W3C home > Mailing lists > Public > public-i18n-geo@w3.org > December 2002

General: African languages

From: Andrew Cunningham <andrewc@mail.vicnet.net.au>
Date: Thu, 19 Dec 2002 10:28:44 +1100
Message-ID: <3E0104AC.6070909@mail.vicnet.net.au>
To: public-i18n-geo@w3.org

WRT today's teleconference:

What follows is very very brief. If people want more details or have 
specific questions, please let me know.

African languages fall into four categories:

1) languages supported by unicode.
E.g. Hausa and Pulaar (using Latin script).

2) languages supported by unicode, but require additional support in 
rendering systems.

E.g. Yoruba, Ife, Dinka, Nuer, etc.

This can include correct placement of combining diacritics based on 
languages' typographic conventions, or stacking of combining diacritics. 
Ife offers a challenging example.

Some notes under construction that may illustrate some of the issues:


This is an issue for font rendering technologies (AAT/ATSUI, Uniscribe 
and Graphite for example). OpenType has features (e.g. MarkToBase, 
MarkToMark) that are designed for correct positioning of combining 
diacritics. Support for this in Uniscribe is currently under 
development. (Not sure of the status of AAT/ATSUI in this regard).

In some cases: (Dinka and Nuer for instance) the existing combining 
diacritics for some fonts are adequate for lowercase characters (but not 
optimal), although entirely unsuitable for uppercase characters. In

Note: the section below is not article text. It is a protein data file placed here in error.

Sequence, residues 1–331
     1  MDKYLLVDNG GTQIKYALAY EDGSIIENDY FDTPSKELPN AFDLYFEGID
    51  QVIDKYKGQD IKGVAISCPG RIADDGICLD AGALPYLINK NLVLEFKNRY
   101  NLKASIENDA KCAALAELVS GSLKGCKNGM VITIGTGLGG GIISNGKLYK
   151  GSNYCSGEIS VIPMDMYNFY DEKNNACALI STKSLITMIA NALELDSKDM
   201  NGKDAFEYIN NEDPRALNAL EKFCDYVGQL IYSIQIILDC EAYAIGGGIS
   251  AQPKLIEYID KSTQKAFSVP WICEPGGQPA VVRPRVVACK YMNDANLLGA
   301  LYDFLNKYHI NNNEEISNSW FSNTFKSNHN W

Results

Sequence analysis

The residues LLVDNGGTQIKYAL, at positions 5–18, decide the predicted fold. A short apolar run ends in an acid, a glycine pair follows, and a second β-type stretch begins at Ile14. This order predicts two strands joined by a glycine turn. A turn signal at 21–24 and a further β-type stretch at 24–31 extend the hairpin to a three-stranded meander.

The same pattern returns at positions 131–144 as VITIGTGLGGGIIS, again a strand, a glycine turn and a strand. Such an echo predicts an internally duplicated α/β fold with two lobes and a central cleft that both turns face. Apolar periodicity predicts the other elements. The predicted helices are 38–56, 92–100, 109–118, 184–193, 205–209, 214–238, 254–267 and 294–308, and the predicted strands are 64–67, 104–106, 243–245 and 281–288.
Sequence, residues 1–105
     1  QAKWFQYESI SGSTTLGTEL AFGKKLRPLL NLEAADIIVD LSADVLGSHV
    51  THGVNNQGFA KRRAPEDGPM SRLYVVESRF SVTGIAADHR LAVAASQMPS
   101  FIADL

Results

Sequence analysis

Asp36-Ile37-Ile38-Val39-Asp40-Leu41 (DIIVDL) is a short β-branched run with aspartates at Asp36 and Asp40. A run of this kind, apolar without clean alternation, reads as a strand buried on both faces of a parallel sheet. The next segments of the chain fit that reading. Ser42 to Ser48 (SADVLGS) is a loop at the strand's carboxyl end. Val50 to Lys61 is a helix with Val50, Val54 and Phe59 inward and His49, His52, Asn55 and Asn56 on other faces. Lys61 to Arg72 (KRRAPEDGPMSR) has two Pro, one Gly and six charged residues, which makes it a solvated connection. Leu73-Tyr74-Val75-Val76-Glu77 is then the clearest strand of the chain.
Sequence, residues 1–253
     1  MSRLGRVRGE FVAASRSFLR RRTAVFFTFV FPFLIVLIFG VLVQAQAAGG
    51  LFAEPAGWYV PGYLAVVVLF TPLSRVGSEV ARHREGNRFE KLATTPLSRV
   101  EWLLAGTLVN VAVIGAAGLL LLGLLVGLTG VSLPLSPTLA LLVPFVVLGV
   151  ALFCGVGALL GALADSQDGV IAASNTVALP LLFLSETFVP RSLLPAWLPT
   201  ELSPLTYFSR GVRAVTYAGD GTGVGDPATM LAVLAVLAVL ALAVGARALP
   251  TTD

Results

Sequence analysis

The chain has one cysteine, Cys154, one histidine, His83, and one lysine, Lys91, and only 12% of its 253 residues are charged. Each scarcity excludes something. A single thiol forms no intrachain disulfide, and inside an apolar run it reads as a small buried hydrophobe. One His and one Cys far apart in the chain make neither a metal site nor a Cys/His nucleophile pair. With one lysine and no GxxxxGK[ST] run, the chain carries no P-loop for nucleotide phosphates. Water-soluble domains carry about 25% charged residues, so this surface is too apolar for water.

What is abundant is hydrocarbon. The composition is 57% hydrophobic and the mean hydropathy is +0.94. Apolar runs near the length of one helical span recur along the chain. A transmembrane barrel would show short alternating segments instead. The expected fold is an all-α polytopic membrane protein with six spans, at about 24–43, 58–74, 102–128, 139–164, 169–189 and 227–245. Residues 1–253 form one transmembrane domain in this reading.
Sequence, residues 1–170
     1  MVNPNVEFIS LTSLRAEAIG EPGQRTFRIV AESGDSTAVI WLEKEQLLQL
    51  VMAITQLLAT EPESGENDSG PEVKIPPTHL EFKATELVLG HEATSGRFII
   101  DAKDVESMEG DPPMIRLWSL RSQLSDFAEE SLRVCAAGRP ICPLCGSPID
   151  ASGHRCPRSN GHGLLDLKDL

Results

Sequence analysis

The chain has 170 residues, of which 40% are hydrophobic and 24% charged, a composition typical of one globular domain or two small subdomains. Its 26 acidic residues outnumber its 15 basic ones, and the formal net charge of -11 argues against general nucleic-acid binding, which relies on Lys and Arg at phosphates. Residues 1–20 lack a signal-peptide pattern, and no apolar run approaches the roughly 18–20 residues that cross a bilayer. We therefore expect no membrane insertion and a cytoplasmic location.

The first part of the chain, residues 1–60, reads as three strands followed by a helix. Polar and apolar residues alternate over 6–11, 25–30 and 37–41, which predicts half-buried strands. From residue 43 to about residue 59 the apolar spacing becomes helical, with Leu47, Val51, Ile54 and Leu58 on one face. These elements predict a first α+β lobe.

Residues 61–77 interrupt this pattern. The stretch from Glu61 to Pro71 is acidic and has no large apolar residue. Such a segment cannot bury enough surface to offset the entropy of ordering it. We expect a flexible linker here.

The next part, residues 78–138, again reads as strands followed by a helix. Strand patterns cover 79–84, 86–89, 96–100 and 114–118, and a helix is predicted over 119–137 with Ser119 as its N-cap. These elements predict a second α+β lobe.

other cases like Ife, where diacritic stacking is required, it is a 
crucial concern which will be alleviated when the new versions of the 
font rendering technologies become widespread.

Additionally, African languages use alternative glyphs for certain 
characters (most common example is uppercase ENG). It is possible to 
create alternative glyphs for different languages/typographic traditions 
within an opentype font. Unfortunately current software is unable to 
interact sufficiently with the font rendering systems to allow use of 
langauge specific features within fonts.

At least thats my current understanding.

3) languages that have some characters that are not present in Unicode.
E.g. Dagera (Burkina Faso), Hausa/Pulaar/etc. in Ajami (Arabic script).

There has been a fair amount of discussion recently on Ajami on the 
Unicode-Afrique, A12N Collaboration and H-Hausa mailing lists.

4) scripts currently not supported by Unicode.
E.g  N'ko, Vai, Tifinagh, etc.

With respect to HTML, issues are how to identify languages when there is 
no ISO-639-1 code or IANA language code. How should the "x-" convention 
be used in practical settings?

For an example:


I've use a convention "x-sil-" to indicate an ethnologue language codes. 
Although thats neither here nore there.

Other key issues include charset identification in the absence of 
"defined" character encodings.

A useful starting point is the "A12N gateway" http://www.bisharat.net/A12N/


Andrew Cunningham
Multilingual Technical Officer
OPT, Vicnet,
State Library of Victoria

Received on Wednesday, 18 December 2002 18:28:35 UTC

This archive was generated by hypermail 2.3.1 : Tuesday, 6 January 2015 20:27:59 UTC